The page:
Final schedule rule draws industry fire

The General Services Administration last week released its final rule on schedule contracts to a less-than-appreciative industry audience retaining the government's ability to conduct post-award audits as well as a requirement that vendors offer the government the same discounts and price reductions they give to most commercial customers.

"I'm hard-pressed to find anything positive in the rule " said a representative from the Information Technology Association of America (ITAA). "I think it's fair to say that the industry is going to be disappointed."

A Much-Debated Issue

The rule issued in the Federal Register has been the subject of heated controversy over whether the government should be allowed to perform post-award audits of schedule vendors' pricing and billing data.Its opponents in industry said the requirement goes beyond accepted commercial practices and runs contrary to language in the Clinger-Cohen Act. Proponents however claim the government needs the ability to detect billing errors and to ensure that vendors offer the government pricing analogous to that offered to large private-sector customers.

Ida Ustad GSA's deputy associate administrator for acquisition policy said the final version of this rule was held up for months while the issue was hashed out between factions within the Clinton administration. "The Department of Justice and the inspector general community felt very vehemently that post-award audits should be maintained " she said. "Generally speaking people don't defy the Justice Department [officials] when they have very strong opinions."

The rule does reduce the scope of information the government may access when performing these audits which is less comprehensive than an "interim" version of the rule issued earlier this year. Ustad said the government may perform post-award audits only to check for billing errors and to make sure the vendor has applied appropriate price reductions and has submitted 1 percent of its schedules revenue to the government as a funding fee.

She said the government will be able to get access to information associated with pricing "in limited circumstances" in which post-award audit authority for pricing data was written into the contract. In those cases a contracting officer must prove the possibility of "significant harm to the government" if access to that data were denied.

"This should be the exception and not the rule " Ustad said. "The contracting officer would have to have a basis for making such a determination and would have to go up the chain of command for approval in advance."We are encouraging pre-award audits instead of post-award " she added.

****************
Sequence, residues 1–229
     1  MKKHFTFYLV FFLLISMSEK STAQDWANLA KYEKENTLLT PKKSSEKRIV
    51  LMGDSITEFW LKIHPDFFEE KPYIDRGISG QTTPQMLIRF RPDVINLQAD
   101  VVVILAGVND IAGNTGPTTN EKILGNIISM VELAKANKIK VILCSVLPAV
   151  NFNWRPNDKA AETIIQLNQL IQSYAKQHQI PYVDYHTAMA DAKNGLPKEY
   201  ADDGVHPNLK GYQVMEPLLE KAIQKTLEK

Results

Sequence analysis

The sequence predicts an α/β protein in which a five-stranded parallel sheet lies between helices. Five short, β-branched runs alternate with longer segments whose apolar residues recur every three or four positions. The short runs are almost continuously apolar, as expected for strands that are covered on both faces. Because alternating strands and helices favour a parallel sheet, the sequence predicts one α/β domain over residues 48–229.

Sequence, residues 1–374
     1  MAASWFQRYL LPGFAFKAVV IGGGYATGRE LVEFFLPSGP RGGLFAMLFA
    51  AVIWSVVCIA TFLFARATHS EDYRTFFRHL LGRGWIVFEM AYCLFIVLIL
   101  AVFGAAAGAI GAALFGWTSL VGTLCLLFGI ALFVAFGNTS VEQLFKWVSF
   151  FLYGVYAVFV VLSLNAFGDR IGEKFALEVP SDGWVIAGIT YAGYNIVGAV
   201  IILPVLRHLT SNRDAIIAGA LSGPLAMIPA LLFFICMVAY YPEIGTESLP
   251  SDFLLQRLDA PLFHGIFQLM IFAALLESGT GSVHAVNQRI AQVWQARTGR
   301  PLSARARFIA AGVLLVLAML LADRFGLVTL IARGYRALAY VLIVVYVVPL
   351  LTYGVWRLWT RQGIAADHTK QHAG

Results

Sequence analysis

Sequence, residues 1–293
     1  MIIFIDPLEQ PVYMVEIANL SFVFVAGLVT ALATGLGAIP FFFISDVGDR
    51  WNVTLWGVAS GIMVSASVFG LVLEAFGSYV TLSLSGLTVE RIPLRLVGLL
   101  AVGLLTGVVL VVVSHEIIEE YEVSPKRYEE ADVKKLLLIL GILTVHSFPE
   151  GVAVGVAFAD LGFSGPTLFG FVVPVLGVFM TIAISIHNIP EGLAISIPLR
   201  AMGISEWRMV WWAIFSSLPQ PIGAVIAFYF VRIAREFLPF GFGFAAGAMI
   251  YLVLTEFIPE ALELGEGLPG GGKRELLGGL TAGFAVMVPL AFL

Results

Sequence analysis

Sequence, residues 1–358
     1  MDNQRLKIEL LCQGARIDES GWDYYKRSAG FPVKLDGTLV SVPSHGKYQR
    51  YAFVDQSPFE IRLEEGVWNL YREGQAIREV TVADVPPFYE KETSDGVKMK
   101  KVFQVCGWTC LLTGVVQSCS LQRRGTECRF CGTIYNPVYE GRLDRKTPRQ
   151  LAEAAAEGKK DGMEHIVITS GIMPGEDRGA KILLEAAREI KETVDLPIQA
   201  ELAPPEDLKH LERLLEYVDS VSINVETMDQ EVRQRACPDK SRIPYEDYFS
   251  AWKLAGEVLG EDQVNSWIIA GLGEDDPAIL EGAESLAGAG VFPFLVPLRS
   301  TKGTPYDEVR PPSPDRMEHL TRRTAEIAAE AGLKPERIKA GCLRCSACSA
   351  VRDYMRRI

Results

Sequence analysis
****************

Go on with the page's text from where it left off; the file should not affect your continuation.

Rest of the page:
Industry Still Skeptical

The decrease in the scope of the audits has done little to mitigate the concerns of industry. Larry Allen executive director of the Coalition for Government Procurement said the government has retained the most important aspects of its post-award audit authority: to find billing errors and problems in applying price reductions.

"We pretty much decided some time ago that we would push for elimination of the price-reduction clause regardless of what the final rule says " Allen said. "Fair pricing is the result of competition. And the condition of the market drives competition not whether the government has an arguably antiquated price-reduction clause."

Allen said the requirement to offer the same reductions to government as provided to commercial users burdens companies with keeping track of the deals offered to commercial customers. "In reality it trips up more honest companies than it catches those who are out to defraud the government especially in the IT market where prices fluctuate depending on the market the buyer and the volumes involved " he said.

Ken Salaets director of government affairs at the Information Technology Industries Council said the rule clearly circumvents congressional intent. "Basically you have an elected body of the government that is tasked with setting the rules now having its authority usurped " said Salaets a former congressional staff member. "I used to be against congressional micromanagement. But the longer I am away from the Hill the more I see the need for members of Congress to put things in blunt terms and ensure they are accepted into the government's policy."

The ITAA representative added that the requirement can be nearly impossible to apply in cases in which a vendor may offer a discount on an entire package of items. In such cases it can be extremely difficult to determine an exact price-reduction rate for each item included in the package.

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